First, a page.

Apprentice-trainer relationship was measured monthly with three items (e.g., “I am happy to talk about my personal problems with my workplace trainer.”). Work group integration was measured monthly with three items, reflecting a newcomer’s feelings of attachment and inclusion (e.g., “I feel comfortable around my co-workers”). Reliability was measured at the end of compulsory school with three items (e.g., “I am trustworthy”). The person-occupation fit was measured at the end of compulsory school with three items describing how well the occupation fits in terms of the individual, her or his personality, and abilities. The workplace trainers were asked how many apprentices they were tasked with supervising.


Expected Outcomes

There were 128 (64%) female and 71 male (36%) apprentices participating, with an average age of M = 16.1 years, SD = .56; 87 (44%) female and 110 (56%) male workplace trainers participated. From the 199 participating apprentices and their workplace trainers, 117 (59%) worked in small organizations (up to 49 employees), 46 (23%) in medium-sized organizations (up to 249 employees) and 36 (18%) in bigger organizations.
Most hypothesis were confirmed, but not all. (1) The level (intercept) of the apprentice-trainer relationship and the level of social work group integration were highest after organizational entry, and there was a decrease (negative slope) for apprentice-trainer relationship and social work group integration over time. (2) The students’ reliability positively predicted, the level of apprentice-trainer relationship and work group integration, as well as the development of work group integration. But, we found no effect of reliability on the development of the apprentice-trainer relationship. The students’ pre-entry person-occupation fit had a positive effect on the apprentice-trainer relationship and work group integration. But we found and non-expected negative effect of a high person-occupation fit on the development of the work group integration. (3) The number of apprentices to supervise had a negative effect on the apprentice-trainer relationship, but we found no effect on the development of the apprentice-trainer relationship.
These results will be presented and discussed, especially the non-expected findings. With respect to to the theoretical framework, combining literature on organizational socialization implications and the importance of social integration as a precondition and outcome of learning which proofed to be useful for this study. Second, practical implications will be discussed with respect to the importance of social integration in the beginning of an apprenticeship.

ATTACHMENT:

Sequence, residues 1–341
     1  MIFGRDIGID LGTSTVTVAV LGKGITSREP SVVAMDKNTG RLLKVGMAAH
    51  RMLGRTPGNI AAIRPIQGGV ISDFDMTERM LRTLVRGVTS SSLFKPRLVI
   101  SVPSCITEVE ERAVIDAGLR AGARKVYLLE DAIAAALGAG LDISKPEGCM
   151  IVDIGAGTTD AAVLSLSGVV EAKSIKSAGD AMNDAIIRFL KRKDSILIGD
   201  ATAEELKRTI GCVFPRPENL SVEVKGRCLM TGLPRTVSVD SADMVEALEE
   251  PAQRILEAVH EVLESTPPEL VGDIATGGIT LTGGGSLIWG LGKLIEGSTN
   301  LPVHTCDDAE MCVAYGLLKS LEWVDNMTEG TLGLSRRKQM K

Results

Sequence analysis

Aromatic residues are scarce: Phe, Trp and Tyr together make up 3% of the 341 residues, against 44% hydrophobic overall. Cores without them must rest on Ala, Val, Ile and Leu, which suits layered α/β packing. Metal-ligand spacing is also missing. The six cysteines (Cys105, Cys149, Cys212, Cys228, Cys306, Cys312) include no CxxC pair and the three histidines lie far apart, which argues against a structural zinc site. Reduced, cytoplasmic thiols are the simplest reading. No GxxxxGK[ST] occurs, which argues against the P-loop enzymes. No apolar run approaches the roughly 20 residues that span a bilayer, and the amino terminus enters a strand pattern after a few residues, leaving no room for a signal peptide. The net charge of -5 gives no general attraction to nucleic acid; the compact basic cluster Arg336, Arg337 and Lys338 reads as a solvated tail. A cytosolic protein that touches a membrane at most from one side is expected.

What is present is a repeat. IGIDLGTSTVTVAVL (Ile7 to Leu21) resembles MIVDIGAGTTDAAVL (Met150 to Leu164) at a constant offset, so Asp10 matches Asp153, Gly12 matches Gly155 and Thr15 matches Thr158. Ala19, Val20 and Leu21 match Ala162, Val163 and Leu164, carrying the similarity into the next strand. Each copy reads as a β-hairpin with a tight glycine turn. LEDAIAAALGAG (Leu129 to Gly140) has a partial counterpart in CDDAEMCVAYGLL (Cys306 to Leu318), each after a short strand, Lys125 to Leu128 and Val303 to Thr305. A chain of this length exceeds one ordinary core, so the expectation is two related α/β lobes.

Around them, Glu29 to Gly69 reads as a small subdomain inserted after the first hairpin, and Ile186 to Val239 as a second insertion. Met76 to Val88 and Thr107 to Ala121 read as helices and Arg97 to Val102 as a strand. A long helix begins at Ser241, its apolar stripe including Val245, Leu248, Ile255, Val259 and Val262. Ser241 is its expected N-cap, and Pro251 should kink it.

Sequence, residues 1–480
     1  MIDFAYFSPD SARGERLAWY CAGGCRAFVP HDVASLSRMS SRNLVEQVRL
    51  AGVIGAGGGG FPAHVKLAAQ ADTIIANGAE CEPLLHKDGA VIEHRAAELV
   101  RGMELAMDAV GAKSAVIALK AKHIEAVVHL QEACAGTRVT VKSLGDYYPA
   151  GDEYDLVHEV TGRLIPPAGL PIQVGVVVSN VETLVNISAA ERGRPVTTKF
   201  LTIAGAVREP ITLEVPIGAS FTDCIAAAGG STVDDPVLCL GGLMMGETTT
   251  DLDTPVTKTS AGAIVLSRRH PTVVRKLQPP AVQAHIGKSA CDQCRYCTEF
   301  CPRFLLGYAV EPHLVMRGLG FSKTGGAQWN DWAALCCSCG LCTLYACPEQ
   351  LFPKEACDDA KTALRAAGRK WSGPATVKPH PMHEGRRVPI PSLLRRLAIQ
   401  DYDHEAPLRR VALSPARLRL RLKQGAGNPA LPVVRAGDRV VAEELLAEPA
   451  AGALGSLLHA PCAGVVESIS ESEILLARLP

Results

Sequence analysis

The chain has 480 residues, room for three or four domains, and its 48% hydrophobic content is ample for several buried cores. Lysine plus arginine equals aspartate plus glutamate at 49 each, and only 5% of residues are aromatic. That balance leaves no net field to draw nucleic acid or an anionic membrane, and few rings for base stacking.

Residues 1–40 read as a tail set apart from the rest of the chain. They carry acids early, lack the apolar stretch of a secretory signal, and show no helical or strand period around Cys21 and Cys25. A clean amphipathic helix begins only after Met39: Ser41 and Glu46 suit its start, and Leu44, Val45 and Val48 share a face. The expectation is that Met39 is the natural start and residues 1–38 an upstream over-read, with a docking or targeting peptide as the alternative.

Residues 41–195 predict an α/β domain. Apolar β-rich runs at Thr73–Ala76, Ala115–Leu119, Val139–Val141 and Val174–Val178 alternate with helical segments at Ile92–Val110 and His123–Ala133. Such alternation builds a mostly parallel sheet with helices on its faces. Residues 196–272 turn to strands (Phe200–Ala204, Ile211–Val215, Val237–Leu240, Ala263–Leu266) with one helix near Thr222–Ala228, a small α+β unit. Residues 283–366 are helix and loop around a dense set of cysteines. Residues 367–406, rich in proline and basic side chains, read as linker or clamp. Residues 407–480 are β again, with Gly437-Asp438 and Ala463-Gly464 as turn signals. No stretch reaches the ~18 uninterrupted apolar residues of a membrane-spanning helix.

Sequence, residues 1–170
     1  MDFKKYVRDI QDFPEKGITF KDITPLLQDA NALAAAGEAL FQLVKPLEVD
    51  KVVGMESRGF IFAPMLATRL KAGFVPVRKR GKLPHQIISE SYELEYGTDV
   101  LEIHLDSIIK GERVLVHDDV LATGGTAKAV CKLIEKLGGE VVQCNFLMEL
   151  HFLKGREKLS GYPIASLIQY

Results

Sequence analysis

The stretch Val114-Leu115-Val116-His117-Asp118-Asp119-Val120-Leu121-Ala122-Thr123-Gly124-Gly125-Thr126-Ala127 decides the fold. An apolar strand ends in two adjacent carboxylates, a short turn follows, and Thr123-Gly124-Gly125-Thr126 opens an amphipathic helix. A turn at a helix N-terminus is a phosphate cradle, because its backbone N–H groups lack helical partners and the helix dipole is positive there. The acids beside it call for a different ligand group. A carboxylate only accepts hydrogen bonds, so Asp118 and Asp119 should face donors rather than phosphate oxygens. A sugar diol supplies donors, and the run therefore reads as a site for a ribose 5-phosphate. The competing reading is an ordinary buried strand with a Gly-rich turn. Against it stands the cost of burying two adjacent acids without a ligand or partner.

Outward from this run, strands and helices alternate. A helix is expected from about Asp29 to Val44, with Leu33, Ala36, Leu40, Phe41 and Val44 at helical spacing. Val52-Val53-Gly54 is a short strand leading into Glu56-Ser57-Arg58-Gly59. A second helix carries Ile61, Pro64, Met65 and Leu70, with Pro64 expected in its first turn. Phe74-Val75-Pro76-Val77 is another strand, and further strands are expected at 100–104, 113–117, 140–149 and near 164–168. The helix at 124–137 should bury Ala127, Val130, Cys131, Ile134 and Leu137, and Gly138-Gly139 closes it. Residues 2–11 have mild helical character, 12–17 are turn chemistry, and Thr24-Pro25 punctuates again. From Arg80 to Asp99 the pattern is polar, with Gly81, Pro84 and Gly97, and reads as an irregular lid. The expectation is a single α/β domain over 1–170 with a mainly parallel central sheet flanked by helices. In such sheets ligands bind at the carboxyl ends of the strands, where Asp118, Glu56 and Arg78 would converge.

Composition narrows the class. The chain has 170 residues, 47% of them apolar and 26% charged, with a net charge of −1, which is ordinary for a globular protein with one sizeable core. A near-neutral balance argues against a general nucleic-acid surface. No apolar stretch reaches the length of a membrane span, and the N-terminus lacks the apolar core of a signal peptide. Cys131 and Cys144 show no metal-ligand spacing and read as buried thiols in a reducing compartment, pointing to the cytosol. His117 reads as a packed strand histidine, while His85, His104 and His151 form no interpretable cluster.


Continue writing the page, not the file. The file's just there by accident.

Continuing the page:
References

Bauer, T. N., & Erdogan, B. (2012). Organizational socialization outcomes: Now and into the future. In C. R. Wanberg (Ed.), The Oxford handbook of organizational socialization (pp. 97–112). New York, NY: Oxford University Press.
Heckhausen, J., & Tomasik, M. J. (2002). Get an apprenticeship before school is out: How German adolescents adjust vocational aspirations when getting close to a developmental deadline. Journal of Vocational Behavior, 60, 199–219.
Kammeyer-Mueller, J. D., & Wanberg, C. R. (2003). Unwrapping the organizational entry process: Disentangling multiple antecedents and their pathways to adjustment. Journal of Applied Psychology, 88(5), 779–794. http://doi.org/10.1037/0021-9010.88.5.779
Kammeyer-Mueller, J. D., Wanberg, C. R., Rubenstein, A., & Song, Z. (2013). Support, undermining, and newcomer socialization: Fitting in during the first 90 days. Academy of Management Journal, 56(4), 1104–1124.
Korte, R. (2010). “First, get to know them”: A relational view of organizational socialization. Human Resource Development International, 13(1), 27–43.
Louis, M. R. (1980). Surprise and sense making: What newcomers experience in entering unfamiliar organizational settings. Administrative Science Quarterly, 25(2), 226–251. http://doi.org/10.2307/2392453
Muthén, L. K., & Muthén, B. O. (1998). Mplus user's guide. Seventh edition. Los Angeles, CA: Muthén & Muthén.
Neuenschwander, M. P., & Nägele, C. (2014). Sozialisationsprozesse beim Übergang in den Lehrbetrieb (SoLe). Schlussbericht im Auftrag des SBFI. Solothurn, CH: Fachhochschule Nordwestschweiz, Pädagogische Hochschule, Institut Forschung und Entwicklung, Zentrum Lernen und Sozialisation.
Saks, A. M., & Gruman, J. A. (2012). Getting newcomers on board: A review of socialization practices and introduction to socialization resources theory. In C. R. Wanberg (Ed.), The Oxford handbook of organizational socialization. New York, NY: Oxford University Press.
van Vianen, A. E. M., & De Pater, I. E. (2012). Content and development of newcomer person–organization fit: An agenda for future research. In C. R. Wanberg (Ed.), The Oxford handbook of organizational socialization. New York, NY: Oxford University Press.
Wenger, E. (2008). Communities of practice. Learning, meaning, and identity (pp. 1–539). New York, NY.


Author Information

Christof Nägele (presenting)
University of Applied Sciences and Arts Northwestern Switzerland
School for Teacher Education
Solothurn
Markus P. Neuenschwander
University of Applied Sciences and Arts Northwestern Switzerland
Research Center for Learning and Socialization
Solothurn